Mike Holmgren hasn't officially assumed control of the Cleveland Browns. However, his grip is already being felt.
When the Browns host the Oakland Raiders on Sunday, it will be Cleveland's first game since Holmgren agreed to become team president, an all-powerful position of authority that will give him free reign to do as he deems necessary to repair a broken organization.
The Big Show, as Holmgren is known, may wield a big sword.
Heads and helmets could roll along the shores of Lake Erie, which is why the Browns are viewing this week's game as a chance to impress their new boss.
“I think it's an audition for everybody,” said quarterback Derek Anderson, propelled back into the starting lineup with Brady Quinn sustaining a season-ending foot injury last week. “We've all got to continue to do good things and make plays and just play and do the things we've been doing the last few weeks.”
Riding a modest two-game winning streak, the Browns (3-11) haven't won three straight since 2007. This season's unexpected late surge has given coach Eric Mangini a much-needed boost to potentially save his job. It's widely believed Holmgren, who will be introduced as Cleveland's football headmaster next week, will fire Mangini and hire his own coach, one who shares his philosophies on a West Coast offense and 4-3 defense.
Holmgren's imminent arrival has seemingly put more pressure on Mangini to finish strong. But beyond a win or two to close his first season in Cleveland, Mangini could benefit from the Browns showing more signs of progress. They've improved in several areas over the past month and perhaps another step forward would give Holmgren pause, assuming he hasn't made up his mind on Mangini already.
Mangini has balked at the idea he's facing a win-or-else scenario.
“I believe in the things that we've done,” said Mangini, who has had to withstand several rounds of questions about Holmgren in recent days. “I believe in the progress we've made. I know what kind of staff we have. I know the different situations that we've faced, and I feel comfortable with where we're headed and the progress we've made.”
If Mangini is looking for empathy, he can find it on the opposite sideline. Raiders coach Tom Cable feels his pain.
Cable's first season as Oakland's full-time coach has been rocky and not all the ups and downs have been limited to on-field issues. Cable has had to deal with allegations he broke defensive assistant Randy Hanson's jaw last summer, a disturbing story that was followed by equally shocking charges he has a history of violence toward women.
Those assertions brought more scrutiny of Cable, and coupled with Oakland's 2-7 start, pointed toward Raiders owner Al Davis considering a change. But despite some lopsided losses, the Raiders (5-9) have sprinkled in several stunning wins, most notably road victories at Pittsburgh on Dec. 6 and at Denver last week.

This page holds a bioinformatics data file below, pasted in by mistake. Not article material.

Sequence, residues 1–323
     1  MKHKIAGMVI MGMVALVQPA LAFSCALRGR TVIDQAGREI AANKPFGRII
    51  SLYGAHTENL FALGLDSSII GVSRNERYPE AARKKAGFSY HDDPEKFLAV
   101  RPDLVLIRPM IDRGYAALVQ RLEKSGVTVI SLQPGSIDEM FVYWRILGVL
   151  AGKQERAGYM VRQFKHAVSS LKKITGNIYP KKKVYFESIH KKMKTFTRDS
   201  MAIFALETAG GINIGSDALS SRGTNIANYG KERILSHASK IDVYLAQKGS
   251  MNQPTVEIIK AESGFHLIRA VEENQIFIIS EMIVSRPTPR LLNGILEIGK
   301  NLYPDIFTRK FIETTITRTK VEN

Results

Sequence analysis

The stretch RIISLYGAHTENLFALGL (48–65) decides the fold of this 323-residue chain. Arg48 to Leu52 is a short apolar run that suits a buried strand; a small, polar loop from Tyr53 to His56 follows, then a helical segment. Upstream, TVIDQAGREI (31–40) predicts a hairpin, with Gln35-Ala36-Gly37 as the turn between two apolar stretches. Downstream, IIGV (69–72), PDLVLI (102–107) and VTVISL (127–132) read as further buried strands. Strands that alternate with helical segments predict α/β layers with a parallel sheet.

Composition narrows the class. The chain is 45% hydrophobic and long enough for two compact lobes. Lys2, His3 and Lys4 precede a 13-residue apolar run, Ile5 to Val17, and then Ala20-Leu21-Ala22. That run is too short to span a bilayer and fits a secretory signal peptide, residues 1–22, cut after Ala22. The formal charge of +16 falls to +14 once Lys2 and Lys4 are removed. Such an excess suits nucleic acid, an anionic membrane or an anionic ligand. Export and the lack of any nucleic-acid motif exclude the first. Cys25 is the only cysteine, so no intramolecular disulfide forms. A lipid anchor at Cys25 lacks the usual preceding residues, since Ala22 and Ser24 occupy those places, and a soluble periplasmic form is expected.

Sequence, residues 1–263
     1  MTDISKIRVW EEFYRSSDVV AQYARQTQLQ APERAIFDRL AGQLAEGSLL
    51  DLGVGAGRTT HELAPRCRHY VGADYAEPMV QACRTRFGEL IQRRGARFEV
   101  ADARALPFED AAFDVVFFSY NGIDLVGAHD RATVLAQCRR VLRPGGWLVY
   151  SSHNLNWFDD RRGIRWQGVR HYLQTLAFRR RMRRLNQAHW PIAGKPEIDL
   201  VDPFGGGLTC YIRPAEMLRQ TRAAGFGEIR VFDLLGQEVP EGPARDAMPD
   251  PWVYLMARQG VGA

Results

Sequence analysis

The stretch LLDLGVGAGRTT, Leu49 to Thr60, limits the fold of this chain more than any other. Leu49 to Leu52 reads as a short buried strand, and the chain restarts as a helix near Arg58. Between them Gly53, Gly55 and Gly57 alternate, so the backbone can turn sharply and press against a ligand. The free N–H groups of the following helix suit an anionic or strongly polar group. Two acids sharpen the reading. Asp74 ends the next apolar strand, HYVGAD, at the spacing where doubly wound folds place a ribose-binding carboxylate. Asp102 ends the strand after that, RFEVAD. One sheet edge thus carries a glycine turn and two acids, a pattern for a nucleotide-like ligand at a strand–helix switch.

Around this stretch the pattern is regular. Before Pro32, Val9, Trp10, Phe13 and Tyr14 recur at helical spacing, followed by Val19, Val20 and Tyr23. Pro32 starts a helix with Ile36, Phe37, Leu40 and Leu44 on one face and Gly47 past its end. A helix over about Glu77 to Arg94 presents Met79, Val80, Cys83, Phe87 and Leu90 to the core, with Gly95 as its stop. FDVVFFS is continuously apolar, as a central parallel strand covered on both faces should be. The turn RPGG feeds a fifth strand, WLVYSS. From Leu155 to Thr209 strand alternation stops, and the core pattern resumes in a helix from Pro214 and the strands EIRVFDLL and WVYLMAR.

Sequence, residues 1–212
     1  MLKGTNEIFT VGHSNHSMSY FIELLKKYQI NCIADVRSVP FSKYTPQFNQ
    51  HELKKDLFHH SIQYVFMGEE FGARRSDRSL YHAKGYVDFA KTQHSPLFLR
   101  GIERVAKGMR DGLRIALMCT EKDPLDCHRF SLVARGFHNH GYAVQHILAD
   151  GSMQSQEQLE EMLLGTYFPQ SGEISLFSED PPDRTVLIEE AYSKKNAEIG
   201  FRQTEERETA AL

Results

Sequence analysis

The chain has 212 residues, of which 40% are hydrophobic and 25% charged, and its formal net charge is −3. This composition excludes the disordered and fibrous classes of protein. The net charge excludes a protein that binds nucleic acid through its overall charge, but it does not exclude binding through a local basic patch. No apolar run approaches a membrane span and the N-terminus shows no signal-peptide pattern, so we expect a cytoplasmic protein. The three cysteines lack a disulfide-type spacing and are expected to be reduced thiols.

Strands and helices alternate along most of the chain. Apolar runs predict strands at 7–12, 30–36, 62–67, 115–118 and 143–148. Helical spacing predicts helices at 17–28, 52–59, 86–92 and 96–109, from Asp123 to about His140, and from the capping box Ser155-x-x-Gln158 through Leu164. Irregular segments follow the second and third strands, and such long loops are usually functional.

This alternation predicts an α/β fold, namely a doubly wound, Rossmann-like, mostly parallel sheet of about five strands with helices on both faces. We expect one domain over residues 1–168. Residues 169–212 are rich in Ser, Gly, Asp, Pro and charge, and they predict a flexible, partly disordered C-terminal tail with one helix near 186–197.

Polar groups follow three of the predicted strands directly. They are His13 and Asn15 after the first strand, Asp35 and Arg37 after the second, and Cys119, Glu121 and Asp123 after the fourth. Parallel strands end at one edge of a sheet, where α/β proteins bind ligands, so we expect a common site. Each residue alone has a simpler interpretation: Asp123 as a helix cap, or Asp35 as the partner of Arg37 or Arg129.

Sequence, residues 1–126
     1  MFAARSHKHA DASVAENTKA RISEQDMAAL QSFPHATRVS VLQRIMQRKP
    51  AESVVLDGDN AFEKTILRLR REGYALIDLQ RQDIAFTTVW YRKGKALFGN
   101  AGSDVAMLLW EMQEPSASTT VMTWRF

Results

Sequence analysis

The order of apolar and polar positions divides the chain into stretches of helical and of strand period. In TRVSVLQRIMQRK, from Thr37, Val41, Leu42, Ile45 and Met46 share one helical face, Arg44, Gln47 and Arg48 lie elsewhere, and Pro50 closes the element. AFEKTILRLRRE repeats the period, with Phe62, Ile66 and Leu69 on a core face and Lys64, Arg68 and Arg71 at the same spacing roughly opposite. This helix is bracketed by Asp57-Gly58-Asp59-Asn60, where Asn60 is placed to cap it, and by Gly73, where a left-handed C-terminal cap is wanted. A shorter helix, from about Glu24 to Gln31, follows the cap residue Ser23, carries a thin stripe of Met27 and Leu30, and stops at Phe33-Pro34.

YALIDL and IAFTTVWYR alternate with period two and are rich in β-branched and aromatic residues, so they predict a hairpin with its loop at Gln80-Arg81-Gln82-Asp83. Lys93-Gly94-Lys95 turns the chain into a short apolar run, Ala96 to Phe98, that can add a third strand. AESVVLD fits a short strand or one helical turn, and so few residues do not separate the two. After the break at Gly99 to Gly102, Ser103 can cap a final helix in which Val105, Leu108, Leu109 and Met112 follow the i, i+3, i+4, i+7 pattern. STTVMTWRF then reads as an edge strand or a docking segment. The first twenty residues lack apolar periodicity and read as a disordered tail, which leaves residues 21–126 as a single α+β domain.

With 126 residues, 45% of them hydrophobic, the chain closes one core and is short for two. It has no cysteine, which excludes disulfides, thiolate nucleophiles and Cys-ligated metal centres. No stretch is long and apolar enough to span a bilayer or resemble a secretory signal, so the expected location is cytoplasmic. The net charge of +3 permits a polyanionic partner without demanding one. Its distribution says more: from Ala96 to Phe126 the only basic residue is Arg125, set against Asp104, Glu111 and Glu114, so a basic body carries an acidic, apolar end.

Like Mangini, Cable is trying to block out distractions and stay focused on coaching and making sure he gets the most out of his players.
“You can't worry about that stuff,” he said “Anybody who has walked a day in our shoes knows what it's like to put a team together and try and win a game in this league. It's getting there. You've got to learn to enjoy it and stay the course. I believe that's what we are doing and I believe out teams are reflecting that.”
The Raiders have been stuck in a troubling pattern all season. Confidence-building wins have been followed by soul-crushing losses — four times. After stunning the Steelers, the Raiders were beaten 34-13 the next week by the Washington Redskins.
Before that loss, Cable had plastered signs around the locker room, encouraging his players to string two wins together. They posters read: “Back-to-back wins set Raiders on path to future success! If you believe it, it will happen.”
It hasn't yet.
“There's a pattern in there, there's a reason why,” Cable said. “And it's for us now to overcome that. Because when you win a game you get people's attention. So you're going to get more out of it. Cleveland's got our attention.”
Raiders quarterback Charlie Frye has recovered from a concussion sustained in last week's win and has been cleared to start what will be a homecoming game. Frye was drafted by the Browns in 2005, started 19 games over three seasons, and was unceremoniously traded after Week 1 in 2007 — one day Cleveland was routed 34-7 by Pittsburgh.
“It's exciting,” Frye said of his return. “It's where my journey started, it's a chance for my family to come up to the game. My sister's getting married Saturday, so there's big things going on.”
And Holmgren may be watching.
Frye knows what the Browns are getting in the Super Bowl-winning coach. He spent two seasons playing for Holmgren in Seattle, a time that shaped him immensely.
“I learned more under Mike Holmgren in two years than I have my whole football career, college, high school, everything,” Frye said. “He's meant everything to my career getting rejuvenated. He's the best teacher. He just doesn't tell you what you're supposed to do. He tells you why you're supposed to do it and how you're gonna do it.
“He's also a great person. He shoots it to you straight, whether you like it or not. You're always going to know where you stand with him.”
Mangini and the Browns will find out soon enough.